[R-sig-hpc] snow and foreach memory issue?

Martin Morgan mtmorgan at fhcrc.org
Sun Dec 13 19:47:22 CET 2009

Martin Morgan wrote:
> Zhang, Ivan wrote:
>> Hi everyone,
>> I have a question regarding ram usage of snow and foreach. 
>> I am running windows XP with 4 gb ram and intel quadcore 2.66.
>> I recently tried to implement multicore processing using 'multicore' and
>> 'foreach' until I realized that multicore didn't work well on Windows
>> and switched to using 'snow' and 'foreach' which works nicely.
>> I hashed out my own method without dopar however, for some reason I was
>> eating up my ram really quickly.
>> I wanted to see if anyone can figure out why perhaps there is something
>> I don't understand about snow as I just recently started using it.
>> Suppose X_mat is a series of regressors for Y.
>> Datapoints is a very large matrix of points.
>> The pseudo code is as follows: 
>> someFunc = function(cl,...) {
>> for ( i in 1:n) {
>>     model = generateModel(Y[,i],X_mat)
>>     dp=iter(datapoints, by='row',
>> chunksize=floor(nrow(datapoints)/NUMCORES))
>>     assign("model", model, .GlobalEnv) 		#couldn't figure out how
>> to get cluster export to work within a function.
>>     clusterExport(cl, "model") 			#this only reads from
>> globalenv?
>>     pred <- do.call(c, clusterApply(cl, as.list(dp), function(x)
> as.list(iter(datapoints, <etc>)) makes a full copy of datapoints.
> clusterApply creates another copy, distributed across cores. So if
> they're on the same machine you now use 3 * sizeof(datapoints) memory,
> even before any calculations done on the workers. Ouch.
> A first approach might iter(datapoints, chunksize=nrow(datapoints) / N)
> coupled with clusterApplyLB -- there will be N chunks (assuming N >
> NUMCORES), and clusterApplyLB will only ever have in play a portion
> NUMCORES / N of datapoints (clusterApply would divide the N chunks into
> two groups, again forwarding the entire data to the workers!), so the
> memory use will be (2 + NUMCORES / N) * sizeof(datapoints).
> A better approach is to avoid the duplication implied by
> as.list(iter(<etc>)). This would require an implementation like
> snow::dynamicClusterApply, where the first NUMCORES chunks of iter() are
> forwarded to the workers, and then a loop is entered where the manager
> receives one result and forwards the next chunk to the worker that
> provided the result. Memory use would then be (1 + NUMCORES / N) *
> sizeof(datapoints). Presumably this is the strategy taken by %dopar%.
> multicore should be the winner here, though, since all workers should
> have access to the data without copying -- sizeof(datapoints) memory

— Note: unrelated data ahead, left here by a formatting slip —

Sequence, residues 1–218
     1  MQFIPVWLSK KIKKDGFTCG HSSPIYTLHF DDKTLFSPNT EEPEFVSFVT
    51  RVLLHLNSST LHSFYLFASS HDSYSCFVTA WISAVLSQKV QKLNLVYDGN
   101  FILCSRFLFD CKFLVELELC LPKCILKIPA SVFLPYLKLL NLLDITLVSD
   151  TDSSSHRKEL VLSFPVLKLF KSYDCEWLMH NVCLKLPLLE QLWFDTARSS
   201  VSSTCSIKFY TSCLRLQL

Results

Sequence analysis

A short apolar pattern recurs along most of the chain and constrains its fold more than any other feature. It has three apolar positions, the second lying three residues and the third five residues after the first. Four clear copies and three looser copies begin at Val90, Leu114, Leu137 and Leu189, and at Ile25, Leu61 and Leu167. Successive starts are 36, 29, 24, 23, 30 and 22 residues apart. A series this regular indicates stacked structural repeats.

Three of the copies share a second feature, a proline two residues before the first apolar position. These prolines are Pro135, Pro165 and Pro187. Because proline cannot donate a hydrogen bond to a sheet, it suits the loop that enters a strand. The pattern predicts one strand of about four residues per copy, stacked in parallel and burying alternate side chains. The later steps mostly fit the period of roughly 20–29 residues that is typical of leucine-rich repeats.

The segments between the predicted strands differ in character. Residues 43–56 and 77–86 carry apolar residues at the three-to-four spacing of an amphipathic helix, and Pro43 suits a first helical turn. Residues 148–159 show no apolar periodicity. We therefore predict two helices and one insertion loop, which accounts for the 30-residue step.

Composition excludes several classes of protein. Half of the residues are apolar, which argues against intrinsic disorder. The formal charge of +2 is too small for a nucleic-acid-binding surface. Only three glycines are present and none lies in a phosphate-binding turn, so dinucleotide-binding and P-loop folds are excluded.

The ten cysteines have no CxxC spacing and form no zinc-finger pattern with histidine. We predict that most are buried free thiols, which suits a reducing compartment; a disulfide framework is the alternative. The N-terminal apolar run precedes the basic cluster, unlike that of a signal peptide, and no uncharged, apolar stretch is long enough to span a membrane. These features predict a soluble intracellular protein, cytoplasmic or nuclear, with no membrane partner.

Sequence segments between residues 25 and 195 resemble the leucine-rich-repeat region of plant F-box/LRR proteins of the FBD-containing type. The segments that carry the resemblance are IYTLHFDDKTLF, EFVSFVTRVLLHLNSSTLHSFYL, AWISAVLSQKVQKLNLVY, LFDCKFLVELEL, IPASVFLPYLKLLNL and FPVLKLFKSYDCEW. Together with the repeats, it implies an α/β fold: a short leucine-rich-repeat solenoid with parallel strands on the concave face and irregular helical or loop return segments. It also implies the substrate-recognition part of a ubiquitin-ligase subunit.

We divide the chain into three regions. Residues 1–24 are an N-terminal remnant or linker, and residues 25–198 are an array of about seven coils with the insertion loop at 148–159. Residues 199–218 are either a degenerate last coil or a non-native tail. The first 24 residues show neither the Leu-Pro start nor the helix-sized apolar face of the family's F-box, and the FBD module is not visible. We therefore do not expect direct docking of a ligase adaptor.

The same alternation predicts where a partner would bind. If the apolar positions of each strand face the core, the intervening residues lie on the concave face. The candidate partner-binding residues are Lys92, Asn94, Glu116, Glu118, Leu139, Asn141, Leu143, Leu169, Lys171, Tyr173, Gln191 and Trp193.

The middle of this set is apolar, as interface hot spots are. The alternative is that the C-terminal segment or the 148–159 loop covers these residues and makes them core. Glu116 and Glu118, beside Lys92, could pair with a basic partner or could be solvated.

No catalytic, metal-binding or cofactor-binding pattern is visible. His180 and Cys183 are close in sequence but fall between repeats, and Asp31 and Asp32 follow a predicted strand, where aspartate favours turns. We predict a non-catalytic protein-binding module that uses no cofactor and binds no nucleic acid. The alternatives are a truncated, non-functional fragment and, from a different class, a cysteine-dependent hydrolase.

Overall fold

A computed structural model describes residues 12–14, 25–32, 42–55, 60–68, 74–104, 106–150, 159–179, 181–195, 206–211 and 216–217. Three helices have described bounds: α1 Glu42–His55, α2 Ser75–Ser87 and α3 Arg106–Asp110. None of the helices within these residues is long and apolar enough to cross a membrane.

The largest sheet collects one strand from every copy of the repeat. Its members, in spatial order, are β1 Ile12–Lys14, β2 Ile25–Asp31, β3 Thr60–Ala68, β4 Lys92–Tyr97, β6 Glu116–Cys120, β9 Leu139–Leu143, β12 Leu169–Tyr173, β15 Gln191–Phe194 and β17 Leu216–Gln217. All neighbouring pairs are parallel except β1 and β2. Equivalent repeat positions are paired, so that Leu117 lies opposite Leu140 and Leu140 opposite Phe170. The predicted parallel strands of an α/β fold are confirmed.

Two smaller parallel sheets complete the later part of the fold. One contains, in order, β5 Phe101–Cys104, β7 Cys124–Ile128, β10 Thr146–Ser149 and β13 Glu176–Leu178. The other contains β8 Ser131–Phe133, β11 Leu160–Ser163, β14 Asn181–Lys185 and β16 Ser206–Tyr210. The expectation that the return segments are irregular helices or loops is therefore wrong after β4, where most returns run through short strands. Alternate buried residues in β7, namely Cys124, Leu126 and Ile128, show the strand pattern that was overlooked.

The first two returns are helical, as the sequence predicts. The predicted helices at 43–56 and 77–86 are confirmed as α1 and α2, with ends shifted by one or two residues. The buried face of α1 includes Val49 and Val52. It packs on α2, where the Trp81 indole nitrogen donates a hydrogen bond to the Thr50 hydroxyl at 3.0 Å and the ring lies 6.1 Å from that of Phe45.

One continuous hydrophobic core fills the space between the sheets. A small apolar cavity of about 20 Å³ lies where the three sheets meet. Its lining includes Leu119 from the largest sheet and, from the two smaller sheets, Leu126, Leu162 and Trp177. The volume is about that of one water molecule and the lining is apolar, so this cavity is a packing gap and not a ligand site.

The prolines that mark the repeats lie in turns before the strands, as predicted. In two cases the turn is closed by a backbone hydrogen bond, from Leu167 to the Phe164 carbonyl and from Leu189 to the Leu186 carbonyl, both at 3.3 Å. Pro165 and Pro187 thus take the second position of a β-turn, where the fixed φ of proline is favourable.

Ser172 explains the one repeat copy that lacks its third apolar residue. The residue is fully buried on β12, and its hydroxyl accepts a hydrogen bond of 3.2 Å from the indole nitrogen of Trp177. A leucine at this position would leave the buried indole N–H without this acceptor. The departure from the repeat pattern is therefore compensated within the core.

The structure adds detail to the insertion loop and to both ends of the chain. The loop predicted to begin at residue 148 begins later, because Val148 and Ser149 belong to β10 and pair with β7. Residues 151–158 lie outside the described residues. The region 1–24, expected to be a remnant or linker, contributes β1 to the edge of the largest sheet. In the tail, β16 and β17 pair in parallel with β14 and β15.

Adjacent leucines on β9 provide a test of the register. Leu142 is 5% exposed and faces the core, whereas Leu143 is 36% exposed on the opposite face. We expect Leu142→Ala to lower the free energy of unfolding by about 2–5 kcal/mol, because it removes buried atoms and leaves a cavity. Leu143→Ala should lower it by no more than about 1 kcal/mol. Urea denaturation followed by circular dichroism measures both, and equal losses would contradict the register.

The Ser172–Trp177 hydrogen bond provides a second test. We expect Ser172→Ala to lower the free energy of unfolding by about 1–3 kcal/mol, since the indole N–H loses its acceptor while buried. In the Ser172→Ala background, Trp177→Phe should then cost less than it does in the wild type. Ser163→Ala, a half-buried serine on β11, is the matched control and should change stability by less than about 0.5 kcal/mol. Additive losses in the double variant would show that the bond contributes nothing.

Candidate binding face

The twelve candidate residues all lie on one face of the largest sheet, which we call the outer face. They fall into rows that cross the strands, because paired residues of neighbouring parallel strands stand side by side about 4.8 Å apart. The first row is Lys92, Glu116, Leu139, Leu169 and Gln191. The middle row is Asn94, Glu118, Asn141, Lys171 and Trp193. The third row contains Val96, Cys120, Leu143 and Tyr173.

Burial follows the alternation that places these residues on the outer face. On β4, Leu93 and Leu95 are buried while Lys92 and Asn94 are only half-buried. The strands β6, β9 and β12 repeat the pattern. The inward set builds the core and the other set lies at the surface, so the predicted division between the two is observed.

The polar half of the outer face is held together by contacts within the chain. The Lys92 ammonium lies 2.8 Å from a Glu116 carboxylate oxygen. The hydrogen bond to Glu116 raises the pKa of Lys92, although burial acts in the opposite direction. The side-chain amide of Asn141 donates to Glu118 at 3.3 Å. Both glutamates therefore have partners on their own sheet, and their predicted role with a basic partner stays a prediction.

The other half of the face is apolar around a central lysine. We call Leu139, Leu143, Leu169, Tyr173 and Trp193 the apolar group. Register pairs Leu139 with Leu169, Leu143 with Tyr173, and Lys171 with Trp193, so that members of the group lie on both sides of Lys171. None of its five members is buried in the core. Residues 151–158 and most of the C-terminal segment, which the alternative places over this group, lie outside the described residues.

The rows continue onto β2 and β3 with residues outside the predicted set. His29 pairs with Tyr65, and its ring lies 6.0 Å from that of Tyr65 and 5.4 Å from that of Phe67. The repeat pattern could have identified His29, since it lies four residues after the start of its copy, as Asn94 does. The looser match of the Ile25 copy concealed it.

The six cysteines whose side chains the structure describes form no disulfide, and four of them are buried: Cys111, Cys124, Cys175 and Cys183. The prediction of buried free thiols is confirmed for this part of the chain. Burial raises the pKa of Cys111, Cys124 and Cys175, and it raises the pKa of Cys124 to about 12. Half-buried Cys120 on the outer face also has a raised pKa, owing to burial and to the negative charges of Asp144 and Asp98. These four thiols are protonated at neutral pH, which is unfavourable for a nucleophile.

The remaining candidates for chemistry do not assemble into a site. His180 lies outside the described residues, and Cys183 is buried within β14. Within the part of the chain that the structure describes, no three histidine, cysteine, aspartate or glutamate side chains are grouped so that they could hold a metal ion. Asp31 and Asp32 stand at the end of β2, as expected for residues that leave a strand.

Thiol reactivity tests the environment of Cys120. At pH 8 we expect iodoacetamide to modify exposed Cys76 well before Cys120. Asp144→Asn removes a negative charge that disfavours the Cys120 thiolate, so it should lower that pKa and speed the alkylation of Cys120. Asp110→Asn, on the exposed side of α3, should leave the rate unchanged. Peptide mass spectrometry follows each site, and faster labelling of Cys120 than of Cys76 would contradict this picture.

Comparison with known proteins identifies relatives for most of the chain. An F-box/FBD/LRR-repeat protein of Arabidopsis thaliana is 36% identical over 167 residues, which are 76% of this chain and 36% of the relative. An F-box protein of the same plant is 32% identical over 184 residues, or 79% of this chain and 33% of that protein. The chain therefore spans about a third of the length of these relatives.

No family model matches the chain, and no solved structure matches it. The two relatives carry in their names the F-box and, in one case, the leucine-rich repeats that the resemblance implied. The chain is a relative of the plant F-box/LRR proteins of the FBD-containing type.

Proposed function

> use. I haven't used multicore extensively, and especially not on
> windows. When you say "it didn't work well" it would be helpful to
> understand why. My limited experimentation suggested no problems when
> used with data sets that were not too close to the windows memory
> limits. Perhaps you are really just running out of memory, and multicore
> is not reporting this as nicely as it could? I'm sure the multicore
> author would appreciate something more precise in terms of user experience.
> A final consideration is that calculations on the workers are likely to
> duplicate a subset of datapoints, so that actual memory use will include
> an additional component that scales approximately linearly with
> NUMCORES. If the worker computations are memory intensive, then you'll
> quickly find yourself in trouble again.
> Hope that helps,
> Martin
>> predict(model, x))
>> 	...
>> }
>> }
>> When I ran this code, my ram would go up from the initial 2.5
>> incrementally up 500 mb after each run until it ate up 4 GB. So for
>> n>=3, the computer would throttle.

I guess my previous response doesn't really address this pattern; it
suggests that something is being retained across iterations of the for()
loop, perhaps because in the code you don't show us (...) you retain a
reference to a 500mb object (iter(datapoints)? pred?) that you don't
retain in the code below.


>> When I found out about the new registerDoSnow, it improved my
>> performance (props to Stephen Weston) here's the pseudo code for the
>> equivalent above.
>> someFunc = function(cl,...) {
>> registerDoSnow(cl)
>> for ( i in 1:n) {
>>     	model = generateModel(Y[,i],X_mat)
>> 	pred <- foreach(dp=iter(datapoints, by='row',
>> chunksize=floor(nrow(datapoints)/NUMCORES)), .combine=c, .verbose=TRUE)
>> %dopar% { predict(Tail.lo,dp) })}
>> }
>> Aside from slightly shorter lines, the performance was more stable, the
>> ram ran from 2.5 up to 3.2 GB ish, and stayed stable, and performed
>> better because it wouldn't run out of cache.
>> However, I just want to understand what is the difference between the
>> two treatments so that it would make such a large difference and whether
>> I am doing something wrong in the first example.
>> Thanks,
>> -Ivan
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Martin Morgan
Computational Biology / Fred Hutchinson Cancer Research Center
1100 Fairview Ave. N.
PO Box 19024 Seattle, WA 98109

Location: Arnold Building M1 B861
Phone: (206) 667-2793

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